A government scheme designed to allow European citizens to continue living in the UK after Brexit was launched in public test phase on Monday, amid warnings that it could leave tens of thousands of people undocumented in years to come.
The 3.5 million citizens of the EU’s 27 countries residing in the UK must go through an online application process to apply for “settled status” if they have lived in the UK for at least five years, or “pre-settled status” if they haven’t reached that threshold.
The scheme will be fully opened by March 30.
By July 2021, it will become mandatory for EU citizens living in the UK to hold settled or pre-settled status. That deadline would become the end of 2020 should the UK exit the EU without a deal.
A report released today by the think-tank British Future warns of a new “Windrush-type scandal” unless the government addresses potential pitfalls in the system, steps up its information campaign and pays particular attention to vulnerable cases including the elderly and those with patchy employment and residence histories.
“The Home Office must invest in getting the EU Settlement Scheme right from the start. Failure to do so could cause massive problems in years to come, on a far bigger scale than the ‘Windrush scandal’,” said Jill Rutter, director of Strategy for British Future and co-author of the report, referring to the denial of health services, detention and in some cases deportation of Commonwealth citizens after they were retroactively asked to prove their right to reside in the UK.
“The application system should work simply and efficiently for the vast majority of EU citizens. But there will always be more complex cases where people find it harder to navigate the system or to prove their residency – and the sheer scale of this task means even a low rate of failure equates to tens of thousands of people,” Rutter said.
Even if they say we shouldn’t worry, they won’t give it to everyone. You still have to apply.
Kristina, Slovakian citizen who has been living in the UK for 10 years
The report points out that if only five percent of those eligible either struggled to apply or were unjustly rejected, that would equal 175,000 people. In order to process all applications before the deadline, the Home Office would have to process 5,600 applications each working day.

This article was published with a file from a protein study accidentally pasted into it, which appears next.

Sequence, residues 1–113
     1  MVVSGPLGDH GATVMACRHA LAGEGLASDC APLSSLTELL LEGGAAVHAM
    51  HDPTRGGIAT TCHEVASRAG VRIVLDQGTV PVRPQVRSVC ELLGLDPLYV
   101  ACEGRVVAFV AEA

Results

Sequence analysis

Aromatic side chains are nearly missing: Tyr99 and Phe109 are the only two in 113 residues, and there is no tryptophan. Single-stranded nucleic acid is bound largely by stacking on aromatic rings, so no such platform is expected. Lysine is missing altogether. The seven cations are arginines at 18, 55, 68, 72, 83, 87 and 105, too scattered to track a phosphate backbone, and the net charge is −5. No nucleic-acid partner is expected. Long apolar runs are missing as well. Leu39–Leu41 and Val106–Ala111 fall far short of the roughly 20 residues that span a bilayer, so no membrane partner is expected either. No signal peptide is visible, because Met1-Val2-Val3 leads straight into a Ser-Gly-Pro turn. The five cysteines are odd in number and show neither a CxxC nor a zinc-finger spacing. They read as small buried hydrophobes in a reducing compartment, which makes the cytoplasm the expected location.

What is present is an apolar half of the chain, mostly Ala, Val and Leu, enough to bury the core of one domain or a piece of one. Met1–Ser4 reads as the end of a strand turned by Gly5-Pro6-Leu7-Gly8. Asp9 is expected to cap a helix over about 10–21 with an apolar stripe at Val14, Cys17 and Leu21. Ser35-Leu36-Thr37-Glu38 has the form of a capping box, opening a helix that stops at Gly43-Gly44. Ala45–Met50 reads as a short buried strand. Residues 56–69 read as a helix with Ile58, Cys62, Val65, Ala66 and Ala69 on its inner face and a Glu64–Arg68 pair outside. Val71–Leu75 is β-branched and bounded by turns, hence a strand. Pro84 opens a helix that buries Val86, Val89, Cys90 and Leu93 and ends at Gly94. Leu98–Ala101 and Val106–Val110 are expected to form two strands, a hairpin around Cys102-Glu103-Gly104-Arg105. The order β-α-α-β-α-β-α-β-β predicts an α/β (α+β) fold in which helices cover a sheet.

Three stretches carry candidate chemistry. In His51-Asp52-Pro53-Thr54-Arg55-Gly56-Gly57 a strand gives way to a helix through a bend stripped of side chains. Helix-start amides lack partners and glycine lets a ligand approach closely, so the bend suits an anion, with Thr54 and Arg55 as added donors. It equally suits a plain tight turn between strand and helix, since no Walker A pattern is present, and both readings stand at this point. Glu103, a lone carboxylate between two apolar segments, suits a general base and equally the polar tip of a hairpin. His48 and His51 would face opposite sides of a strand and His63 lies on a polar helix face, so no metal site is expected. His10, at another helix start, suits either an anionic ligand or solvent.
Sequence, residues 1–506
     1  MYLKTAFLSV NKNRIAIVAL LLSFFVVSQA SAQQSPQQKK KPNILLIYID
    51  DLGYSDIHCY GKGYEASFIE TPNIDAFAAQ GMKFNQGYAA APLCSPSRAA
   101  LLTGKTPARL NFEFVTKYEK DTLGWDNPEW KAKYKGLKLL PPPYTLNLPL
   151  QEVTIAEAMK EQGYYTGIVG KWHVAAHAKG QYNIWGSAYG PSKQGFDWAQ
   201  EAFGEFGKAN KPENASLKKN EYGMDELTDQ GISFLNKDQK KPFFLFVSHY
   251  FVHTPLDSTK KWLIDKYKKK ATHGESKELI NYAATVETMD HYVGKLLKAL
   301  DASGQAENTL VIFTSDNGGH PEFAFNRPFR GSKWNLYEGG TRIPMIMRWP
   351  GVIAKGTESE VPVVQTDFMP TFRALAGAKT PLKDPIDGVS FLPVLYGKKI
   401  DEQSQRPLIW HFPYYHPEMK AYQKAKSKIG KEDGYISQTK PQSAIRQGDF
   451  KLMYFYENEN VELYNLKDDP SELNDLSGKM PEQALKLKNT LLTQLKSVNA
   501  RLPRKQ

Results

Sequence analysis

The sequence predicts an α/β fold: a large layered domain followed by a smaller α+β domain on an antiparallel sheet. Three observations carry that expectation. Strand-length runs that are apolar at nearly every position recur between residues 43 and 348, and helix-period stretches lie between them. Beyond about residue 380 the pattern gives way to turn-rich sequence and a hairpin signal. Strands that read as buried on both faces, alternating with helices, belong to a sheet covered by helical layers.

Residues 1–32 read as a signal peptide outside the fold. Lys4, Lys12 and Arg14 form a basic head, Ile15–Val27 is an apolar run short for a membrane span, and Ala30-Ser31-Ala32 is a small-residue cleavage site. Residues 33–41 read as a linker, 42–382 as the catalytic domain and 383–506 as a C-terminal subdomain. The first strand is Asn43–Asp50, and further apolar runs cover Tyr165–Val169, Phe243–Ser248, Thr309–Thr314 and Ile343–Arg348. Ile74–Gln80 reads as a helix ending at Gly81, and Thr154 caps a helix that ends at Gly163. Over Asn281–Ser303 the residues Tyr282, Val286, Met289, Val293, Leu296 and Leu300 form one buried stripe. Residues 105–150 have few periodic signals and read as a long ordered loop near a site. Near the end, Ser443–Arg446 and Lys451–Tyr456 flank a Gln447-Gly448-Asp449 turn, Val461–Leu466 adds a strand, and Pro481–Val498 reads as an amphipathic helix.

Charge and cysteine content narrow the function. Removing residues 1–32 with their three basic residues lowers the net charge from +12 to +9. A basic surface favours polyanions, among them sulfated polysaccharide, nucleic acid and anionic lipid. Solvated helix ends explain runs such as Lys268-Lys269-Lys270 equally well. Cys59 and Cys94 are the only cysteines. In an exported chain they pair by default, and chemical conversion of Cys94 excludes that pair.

The scheme will cost the British government between 500 million British pounds and 600 million pounds, while it will raise 170-190 million in revenue. The application costs 65 pounds for adults and 32.50 for children.
The British government has made a point of reassuring EU citizens that its default position will be to grant rather than deny settled status.
“I couldn’t be clearer: EU citizens living lawfully in the UK today will be able to stay,” Theresa May wrote in an open letter to EU citizens back in October 2017.
The UK government assured EU citizens they will still be able to apply for the settlement scheme should a no-deal scenario materialise.
However, there would be no transition period in which free movement rights would be guaranteed and applicants would have to be in the UK by Brexit day, currently March 29, in order to be eligible.
Critics have said that no deal could leave EU citizens vulnerable to discrimination from employers and landlords who are asked to do stringent checks before hiring or renting out a home.
|Pro-Brexit protesters demonstrate outside the houses of Parliament [John Sibley/Reuters]|
Despite promises, many fear for their future.
Kristina (not her real name), 30, moved to the UK from Slovakia 10 years ago. She is married to a British citizen and has two British children, but she must still apply for settled status to remain in the UK after Brexit, and she’s worried she may not get it.
“Even if they say we shouldn’t worry, they won’t give it to everyone. You still have to apply,” Kristina told Al Jazeera.
Kristina, who worked for a catering agency when she first arrived in the UK, became a full-time carer in 2012 after her husband was diagnosed with cancer and her two children with autism.
Now, she is concerned that gaps in her employment history will leave her unable to prove she has been “exercising treaty rights” – to be working, studying or self-sufficient according to EU free movement rules – throughout her stay in Britain.
Her husband does not currently meet the income requirements set for British citizens to sponsor their spouses in the UK.
“In the rules they published, they added a provision that says that home office caseworkers, if they decide that the person can be removed for not exercising treaty rights, they also have to refuse the settled status application,” Chai Patel, legal policy director at the Joint Council for the Welfare of Immigrants (JCWI) told Al Jazeera.
“We don’t know who is going to be affected, it would depend on how home office caseworkers choose to apply those rules,” Patel added.
Other groups at risk include the Roma and homeless EU citizens living in temporary accommodation.
The government said the first two private test phases of the scheme had been successful. The second test phase, open to selected universities and health bodies, saw 29,987 applications submitted from November 1 to December 21, 2018. Some 27,211 decisions had been issued by January 14, with no cases refused.
The remaining 3,000 were still awaiting a decision due to their application being incomplete or needing further evidence.
“All the debates around settled status and the capacity of people to secure their position imply an ideal kind of person [that would qualify], but all the people that are not thought about may struggle with the application,” Nando Sigona, who teaches international migration at the University of Birmingham, told Al Jazeera, “there is still a sense of uncertainty about what’s going on.”